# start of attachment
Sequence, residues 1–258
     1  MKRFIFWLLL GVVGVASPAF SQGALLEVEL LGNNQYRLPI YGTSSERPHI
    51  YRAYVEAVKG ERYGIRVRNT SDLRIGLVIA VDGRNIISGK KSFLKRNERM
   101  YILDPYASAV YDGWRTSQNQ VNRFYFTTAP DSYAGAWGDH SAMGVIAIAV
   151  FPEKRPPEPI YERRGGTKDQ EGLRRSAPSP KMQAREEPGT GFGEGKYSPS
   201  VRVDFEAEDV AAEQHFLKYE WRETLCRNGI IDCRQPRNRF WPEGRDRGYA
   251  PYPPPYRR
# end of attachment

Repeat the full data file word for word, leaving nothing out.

Sequence, residues 1–258
     1  MKRFIFWLLL GVVGVASPAF SQGALLEVEL LGNNQYRLPI YGTSSERPHI
    51  YRAYVEAVKG ERYGIRVRNT SDLRIGLVIA VDGRNIISGK KSFLKRNERM
   101  YILDPYASAV YDGWRTSQNQ VNRFYFTTAP DSYAGAWGDH SAMGVIAIAV
   151  FPEKRPPEPI YERRGGTKDQ EGLRRSAPSP KMQAREEPGT GFGEGKYSPS
   201  VRVDFEAEDV AAEQHFLKYE WRETLCRNGI IDCRQPRNRF WPEGRDRGYA
   251  PYPPPYRR